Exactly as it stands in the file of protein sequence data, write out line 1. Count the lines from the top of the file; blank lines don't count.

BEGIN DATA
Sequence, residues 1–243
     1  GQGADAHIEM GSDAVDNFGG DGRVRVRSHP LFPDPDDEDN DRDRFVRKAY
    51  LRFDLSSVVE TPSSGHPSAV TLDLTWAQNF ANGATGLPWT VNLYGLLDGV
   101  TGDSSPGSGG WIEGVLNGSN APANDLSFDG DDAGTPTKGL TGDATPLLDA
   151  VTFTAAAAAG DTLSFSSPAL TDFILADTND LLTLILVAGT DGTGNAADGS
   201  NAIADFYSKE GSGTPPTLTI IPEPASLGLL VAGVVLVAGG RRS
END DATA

Sequence, residues 1–243